In 1994 Jonathan Dimbleby published his authorised life of Prince Charles. Although occasionally reserved in his
pronouncements, Dimbleby was essentially voicing Prince Charles’s feelings to the world — as they stood in 1994. The
Prince opened files, authorised access and hoped that by this approach he could place much of the past behind him
and could proceed unencumbered into the future.
We must therefore take seriously anything that Dimbleby wrote about Camilla Parker Bowles, now the Duchess of
Cornwall. There is a line in that book that sums up the relationship: “In Camilla Parker Bowles, the Prince found
the warmth, the understanding and the steadiness for which he had always longed and had never been able to find with
any other person.”
Parker Bowles was always said to be the one element in the Prince of Wales’s life that was non-negotiable. They met
when they were both in their early twenties. As Camilla Shand, she was something of a girl about town, more worldly
than Prince Charles, devoid of his shyness, and fond of outdoor pursuits. She smoked, which he professed to dislike,
but in her case was prepared to overlook. She had an earthy quality. She had the confidence of her class, best
summed up as the Gloucestershire hunting set (though she came from Sussex). Her friends did not talk to gossip
columnists nor quest to appear in Tatler. If their pictures were published, it was not by their
manoeuvring. They were introduced to one another by Prince Charles’s Cambridge friend Lucia Santa Cruz, who pointed
out that Edward VII and Camilla’s ancestress, Alice Keppel, had been somewhat close to each other.
According to Dimbleby, she was “pretty, bubbly, and she smiled with her eyes as well as her mouth”. When he wrote
that “she did not preen herself”, what he meant was that she took scant interest in her appearance or clothes. They
evidently enjoyed unsophisticated humour, the Goons, and “silly accents and daft looks”. Evidently Prince Charles
“lost his heart to her almost at once”. Arguably, once the heart was lost, he entered into a long romantic saga,
frustrated by outside events, which was only resolved by his marriage to her in 2005, some 33 years later.
In 1972 the public image of the Prince of Wales was already in sharp contrast to the man himself. He was considered
the world’s most eligible bachelor, a kind of royal Action Man, with the world at his feet. But the truth was
different. He was wracked by inner turmoil of many kinds, one being that he never believed that anyone he might want
to marry would wish to marry him or take on the responsibilities that the position demanded, not to mention the
relentless media scrutiny. For his wife would one day be Queen at his side.
There was a further problem. The Prince was in the Navy, and in January 1973 he was destined to depart in HMS Minerva
for an eight-month stint at sea. He last saw Camilla in December 1972 and then he sailed away. They parted with no
assurance that the relationship would survive the eight months’ separation. This would be a cause of considerable
regret to the Prince in the ensuing years.
It would appear that Camilla took the view that she could never be Princess of Wales, since she would not be
considered suitable. She returned to Andrew Parker Bowles, who had been in her life before her brief encounter (six
months or so) with Prince Charles. Parker Bowles was a handsome cavalry officer in the Royal Horse Guards (the
Blues), a man devoid of the Prince’s inherent shyness, who did not hesitate to strike in amatory matters. He was to
prove something of a ladies’ man, with numerous society conquests, and before his marriage he had dated Princess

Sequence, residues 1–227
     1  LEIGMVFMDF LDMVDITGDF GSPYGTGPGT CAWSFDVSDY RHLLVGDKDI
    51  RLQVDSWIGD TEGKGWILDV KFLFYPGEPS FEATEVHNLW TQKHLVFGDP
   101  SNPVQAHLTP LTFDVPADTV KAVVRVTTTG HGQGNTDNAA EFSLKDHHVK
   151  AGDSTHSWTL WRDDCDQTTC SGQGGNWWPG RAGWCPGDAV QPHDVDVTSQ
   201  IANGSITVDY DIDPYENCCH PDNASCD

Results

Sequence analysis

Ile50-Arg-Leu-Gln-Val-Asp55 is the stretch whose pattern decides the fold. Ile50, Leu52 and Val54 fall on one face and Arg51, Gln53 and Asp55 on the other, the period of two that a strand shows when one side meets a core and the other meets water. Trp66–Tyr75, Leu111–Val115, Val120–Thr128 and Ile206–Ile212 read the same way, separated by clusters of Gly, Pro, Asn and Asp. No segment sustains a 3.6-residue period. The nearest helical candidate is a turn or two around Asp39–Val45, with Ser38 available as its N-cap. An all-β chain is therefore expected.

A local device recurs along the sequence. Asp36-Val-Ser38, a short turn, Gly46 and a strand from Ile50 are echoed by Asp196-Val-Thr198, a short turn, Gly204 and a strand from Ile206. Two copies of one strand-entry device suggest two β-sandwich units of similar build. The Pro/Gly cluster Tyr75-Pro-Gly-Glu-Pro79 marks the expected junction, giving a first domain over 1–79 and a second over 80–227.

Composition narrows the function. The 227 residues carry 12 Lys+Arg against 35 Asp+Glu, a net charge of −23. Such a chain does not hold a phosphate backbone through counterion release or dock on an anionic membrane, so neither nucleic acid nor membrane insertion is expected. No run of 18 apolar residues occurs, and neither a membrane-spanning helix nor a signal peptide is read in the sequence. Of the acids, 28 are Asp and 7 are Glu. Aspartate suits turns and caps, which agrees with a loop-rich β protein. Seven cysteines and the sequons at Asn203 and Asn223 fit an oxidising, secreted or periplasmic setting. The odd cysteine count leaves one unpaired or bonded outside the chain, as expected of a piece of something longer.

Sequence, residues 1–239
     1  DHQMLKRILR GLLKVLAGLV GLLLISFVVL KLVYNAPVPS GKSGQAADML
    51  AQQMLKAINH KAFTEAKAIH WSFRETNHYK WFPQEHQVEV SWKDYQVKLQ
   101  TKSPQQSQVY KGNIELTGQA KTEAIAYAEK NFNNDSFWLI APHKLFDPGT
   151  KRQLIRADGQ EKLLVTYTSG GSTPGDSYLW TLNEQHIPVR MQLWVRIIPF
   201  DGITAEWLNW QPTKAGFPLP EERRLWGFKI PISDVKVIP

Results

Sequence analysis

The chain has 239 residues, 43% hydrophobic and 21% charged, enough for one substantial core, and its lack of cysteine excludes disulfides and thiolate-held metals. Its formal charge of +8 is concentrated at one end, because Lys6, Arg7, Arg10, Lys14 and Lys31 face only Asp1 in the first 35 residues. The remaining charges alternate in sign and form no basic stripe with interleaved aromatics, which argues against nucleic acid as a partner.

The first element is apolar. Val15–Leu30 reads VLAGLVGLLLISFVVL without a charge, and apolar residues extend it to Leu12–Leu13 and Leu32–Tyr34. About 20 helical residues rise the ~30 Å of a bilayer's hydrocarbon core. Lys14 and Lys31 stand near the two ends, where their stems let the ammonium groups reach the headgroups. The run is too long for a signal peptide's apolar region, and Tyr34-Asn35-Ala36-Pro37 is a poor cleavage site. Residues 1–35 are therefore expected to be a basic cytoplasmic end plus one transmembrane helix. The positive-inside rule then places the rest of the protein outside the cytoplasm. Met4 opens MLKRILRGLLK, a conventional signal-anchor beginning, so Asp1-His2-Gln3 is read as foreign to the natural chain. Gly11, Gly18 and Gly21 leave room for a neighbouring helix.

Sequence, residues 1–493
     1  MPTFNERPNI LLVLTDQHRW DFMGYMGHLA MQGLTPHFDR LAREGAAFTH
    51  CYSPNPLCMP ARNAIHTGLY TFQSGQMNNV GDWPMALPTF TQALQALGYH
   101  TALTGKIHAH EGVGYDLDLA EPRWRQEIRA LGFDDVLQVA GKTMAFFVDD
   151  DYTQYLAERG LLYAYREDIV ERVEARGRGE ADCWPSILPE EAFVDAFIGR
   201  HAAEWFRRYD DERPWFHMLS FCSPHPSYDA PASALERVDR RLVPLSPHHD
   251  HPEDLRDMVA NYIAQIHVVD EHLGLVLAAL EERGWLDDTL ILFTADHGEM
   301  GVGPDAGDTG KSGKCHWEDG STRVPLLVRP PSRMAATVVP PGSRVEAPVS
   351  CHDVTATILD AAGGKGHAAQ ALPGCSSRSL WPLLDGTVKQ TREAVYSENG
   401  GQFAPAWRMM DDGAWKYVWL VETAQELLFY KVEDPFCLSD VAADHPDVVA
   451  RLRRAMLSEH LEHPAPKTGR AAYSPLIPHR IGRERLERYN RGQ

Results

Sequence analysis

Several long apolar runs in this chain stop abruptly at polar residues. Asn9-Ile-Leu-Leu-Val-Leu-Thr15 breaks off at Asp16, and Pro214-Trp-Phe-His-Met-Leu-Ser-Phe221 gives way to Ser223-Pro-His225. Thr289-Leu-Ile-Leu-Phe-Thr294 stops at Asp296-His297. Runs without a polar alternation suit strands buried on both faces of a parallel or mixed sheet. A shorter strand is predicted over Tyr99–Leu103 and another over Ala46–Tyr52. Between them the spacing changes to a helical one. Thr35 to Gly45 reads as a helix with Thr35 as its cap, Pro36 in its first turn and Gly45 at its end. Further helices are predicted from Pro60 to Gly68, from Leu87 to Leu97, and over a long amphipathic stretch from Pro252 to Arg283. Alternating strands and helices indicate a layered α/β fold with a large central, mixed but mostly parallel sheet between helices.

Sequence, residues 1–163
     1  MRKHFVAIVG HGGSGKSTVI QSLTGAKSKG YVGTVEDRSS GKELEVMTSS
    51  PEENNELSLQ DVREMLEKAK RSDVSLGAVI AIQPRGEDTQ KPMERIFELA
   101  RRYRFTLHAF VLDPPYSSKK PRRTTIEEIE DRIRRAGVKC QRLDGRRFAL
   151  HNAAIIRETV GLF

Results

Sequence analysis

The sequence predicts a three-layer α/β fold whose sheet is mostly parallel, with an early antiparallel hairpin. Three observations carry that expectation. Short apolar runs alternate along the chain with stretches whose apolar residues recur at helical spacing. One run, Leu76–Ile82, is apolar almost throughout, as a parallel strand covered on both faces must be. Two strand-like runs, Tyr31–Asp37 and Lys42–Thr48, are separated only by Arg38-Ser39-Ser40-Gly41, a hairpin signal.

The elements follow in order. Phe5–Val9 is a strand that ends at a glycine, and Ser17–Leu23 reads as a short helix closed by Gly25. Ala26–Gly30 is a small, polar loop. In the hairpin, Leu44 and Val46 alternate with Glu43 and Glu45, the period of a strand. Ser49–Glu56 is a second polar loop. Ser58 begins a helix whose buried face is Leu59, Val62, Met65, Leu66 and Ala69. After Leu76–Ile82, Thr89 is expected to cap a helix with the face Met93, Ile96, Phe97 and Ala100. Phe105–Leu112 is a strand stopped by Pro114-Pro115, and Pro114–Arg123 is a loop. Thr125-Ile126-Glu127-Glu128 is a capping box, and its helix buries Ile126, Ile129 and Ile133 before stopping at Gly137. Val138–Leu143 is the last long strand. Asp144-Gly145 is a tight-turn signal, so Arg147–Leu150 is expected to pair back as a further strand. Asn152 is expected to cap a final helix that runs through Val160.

Anne. In every respect he was a more dashing suitor than her introspective Prince. By April she was engaged to
Prince Charles was devastated. He had enjoyed “such a blissful, peaceful and mutually happy relationship”. Now he
felt an acute sense of emptiness, made worse by the unwelcome news that his sister, Princess Anne, was to marry
Lieutenant Mark Phillips, which he denounced as a serious mismatch.
Prince Charles left the Royal Navy at the end of 1976. By now the press were hot on the heels of the idea that he
should find himself a wife. This intensified when he turned 30 in 1978, since he had unwisely declared that he had
thought 30 was a pretty good age for a man like him to take a wife. His 30th birthday passed and there was no
Andrew Parker Bowles was close to the Royal Family. His parents were close friends of the Queen Mother. The Queen
Mother frequently invited the Parker Bowles parents, Derek and Dame Ann, to stay, and later the names of Andrew and
Camilla Parker Bowles appeared in the visitors’ book of the Castle of Mey, the Queen Mother’s home in the extreme
north of Scotland.
Parker Bowles was rising in the Household Cavalry. He had played polo in Prince Charles’s team and was on his way to
becoming Commanding Officer of the Household Cavalry Mounted Regiment from 1981 to 1983, and Silver Stick from 1987
to 1990. He was part of the inner circle of guests of the Royal Family, and so too was Camilla.
It is hard to delve into the private marriages of others. There is little doubt that Andrew Parker Bowles was a
popular figure in royal circles and on the London social scene. This may have given Prince Charles the impetus to
resume his friendship with Camilla, by now the mother of two children, Tom (born in 1974, a godson of Prince
Charles) and Laura in 1978. Certainly, by 1979 she was his closest female confidante, and despite rumours that they
were having an affair he refused to sacrifice her to convention. He told Dimbleby that she was his “touchstone” and
his “sounding board”.
I remember being told at the time that Camilla Parker Bowles played a prominent role in sanctioning Lady Diana
Spencer as the Prince’s bride. Everyone was aware that he had to marry for dynastic reasons. On paper Diana was
perfect, an untarnished aristocrat brought up virtually in sight of Sandringham, the scion of a well-known family,